Another of the noticeably active players at the outset was Dario Minieri, and that should come as a surprise to nobody. The diminutive Italian with the maniacal reputation took charge of his table right from the start, and he would be the beneficiary of some sizable pots in the early going as well. In the first few minutes of the third level, Minieri and a lone opponent saw a flop come down . Minieri made a bet and was called, and the two men saw the turn bring the . Keeping the heat on, Dario slid out 3,700 chips before seeing his opponent check-raise to 8,000. Without hesitation, Minieri grabbed a big technicolor stack of uncounted chips and slung them forward in a sloppy three-bet. The move drew a frustrated fold from his opponent, and Minieri flashed his meager as he pulled in a nice pot to chip his way up over 70,000. He would be unable to hang on to that chip stack, though, sliding down and eventually out in the following level.
And what a level it was.
It began with Gus Hansen making an unexpected and late appearance in the event, and it climaxed with a loud bang and a total power failure throughout the building. Rumor has it that a construction crew working nearby severed the main power lines leading here, and the resulting blackout provided the players with an impromptu break as the staff scrambled to rectify the situation. The last few hands in progress were finished up one-by-one as the floor supervisors stood above the players holding flashlights. Within about 25 minutes, the building crew had the emergency generators up and running, and the cards went back in the air without much drama.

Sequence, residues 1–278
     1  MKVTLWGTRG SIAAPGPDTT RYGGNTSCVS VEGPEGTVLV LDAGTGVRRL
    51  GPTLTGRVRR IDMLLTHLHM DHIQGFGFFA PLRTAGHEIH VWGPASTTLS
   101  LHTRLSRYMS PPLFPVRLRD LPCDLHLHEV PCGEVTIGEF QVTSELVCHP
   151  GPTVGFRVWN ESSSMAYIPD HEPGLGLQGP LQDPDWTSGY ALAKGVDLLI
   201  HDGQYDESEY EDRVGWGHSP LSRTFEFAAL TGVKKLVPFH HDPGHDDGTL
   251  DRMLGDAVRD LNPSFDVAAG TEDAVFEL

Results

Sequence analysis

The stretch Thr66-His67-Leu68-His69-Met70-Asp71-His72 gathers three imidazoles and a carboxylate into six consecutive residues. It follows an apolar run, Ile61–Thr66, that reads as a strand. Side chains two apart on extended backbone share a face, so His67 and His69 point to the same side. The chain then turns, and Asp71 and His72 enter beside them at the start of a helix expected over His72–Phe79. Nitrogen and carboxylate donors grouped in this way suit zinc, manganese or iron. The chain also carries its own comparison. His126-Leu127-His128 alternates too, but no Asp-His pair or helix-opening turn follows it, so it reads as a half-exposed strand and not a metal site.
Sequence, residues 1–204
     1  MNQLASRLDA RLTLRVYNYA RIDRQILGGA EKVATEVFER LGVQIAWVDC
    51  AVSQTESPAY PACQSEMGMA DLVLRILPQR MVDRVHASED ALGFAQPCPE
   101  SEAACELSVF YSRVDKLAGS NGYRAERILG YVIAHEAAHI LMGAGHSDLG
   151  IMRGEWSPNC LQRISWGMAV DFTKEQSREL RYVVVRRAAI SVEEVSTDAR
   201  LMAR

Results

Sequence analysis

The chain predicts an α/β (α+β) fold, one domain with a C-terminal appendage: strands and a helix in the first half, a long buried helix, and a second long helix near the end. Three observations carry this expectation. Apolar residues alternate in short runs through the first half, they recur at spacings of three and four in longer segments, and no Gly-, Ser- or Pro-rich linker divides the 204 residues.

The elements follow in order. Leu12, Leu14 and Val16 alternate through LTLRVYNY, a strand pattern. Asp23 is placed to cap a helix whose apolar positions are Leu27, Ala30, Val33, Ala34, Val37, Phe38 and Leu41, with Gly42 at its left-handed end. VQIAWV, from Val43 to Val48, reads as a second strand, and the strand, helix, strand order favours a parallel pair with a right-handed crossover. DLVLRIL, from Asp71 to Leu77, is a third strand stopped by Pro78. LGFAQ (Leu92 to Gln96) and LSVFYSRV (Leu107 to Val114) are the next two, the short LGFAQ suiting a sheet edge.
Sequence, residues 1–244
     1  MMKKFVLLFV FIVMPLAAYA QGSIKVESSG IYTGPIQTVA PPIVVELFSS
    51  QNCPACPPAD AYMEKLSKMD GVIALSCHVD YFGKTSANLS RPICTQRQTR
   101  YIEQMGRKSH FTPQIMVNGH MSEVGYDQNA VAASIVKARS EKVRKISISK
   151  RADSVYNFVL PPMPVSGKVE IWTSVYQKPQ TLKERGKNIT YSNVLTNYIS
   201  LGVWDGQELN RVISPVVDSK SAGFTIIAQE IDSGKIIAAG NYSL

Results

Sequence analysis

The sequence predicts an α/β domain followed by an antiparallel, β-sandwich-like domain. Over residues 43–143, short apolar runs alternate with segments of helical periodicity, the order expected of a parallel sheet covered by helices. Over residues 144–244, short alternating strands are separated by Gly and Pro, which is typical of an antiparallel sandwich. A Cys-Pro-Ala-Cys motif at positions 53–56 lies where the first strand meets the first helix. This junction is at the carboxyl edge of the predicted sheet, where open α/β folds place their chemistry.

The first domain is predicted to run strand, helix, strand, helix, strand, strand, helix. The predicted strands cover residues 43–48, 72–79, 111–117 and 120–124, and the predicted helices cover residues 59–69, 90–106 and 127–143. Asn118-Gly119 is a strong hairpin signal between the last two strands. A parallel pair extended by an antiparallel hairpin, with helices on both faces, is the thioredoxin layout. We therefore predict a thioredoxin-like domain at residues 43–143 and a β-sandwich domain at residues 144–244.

When the lights came back on, Hansen's presence drew a throng of spectators to the perimeter of the rail, and the antics of he and table mate Christian Dragomir made for an entertaining few levels. Hansen would be up and down and eventually out before the end of the day, though, giving him plenty of time to rest up for Friday's High Roller Event.
As the day progressed, Alexander Rykov was the first man to really set himself apart from the field with a sizable chip lead. The pivotal hand came in the heart of that same level when he and Team PokerStars Pro Pier Paolo Fabretti butted heads in a big way. With about 20,000 chips already in the pot after the flop, Rykov bet 7,500 on a board showing . Fabretti made the call to see the hit the river, and he would raise all in after Rykov bet again. Rykov would make the call and show down two more kings, his set of cowboys good for a monstrous pot and a chip lead with 115,000. He would more or less sit on that stack to finish the day very near the top with 105,300.
Either he or the aforementioned Dragan Galic looked poised to take the overnight chip lead, but a late charge from Russian Viktor Ivanov gave him the title. His count of 153,825 is mighty enough to plant him atop the leader board, besting even the stack of Day 1A frontrunner Mihaylo Demidenko.
Play is set to begin at 12:00 noon local time tomorrow with the remaining 203 players all in the same room for Day 2. You can follow along with our updates on the Live Reporting page or via our special live updates Twitter account.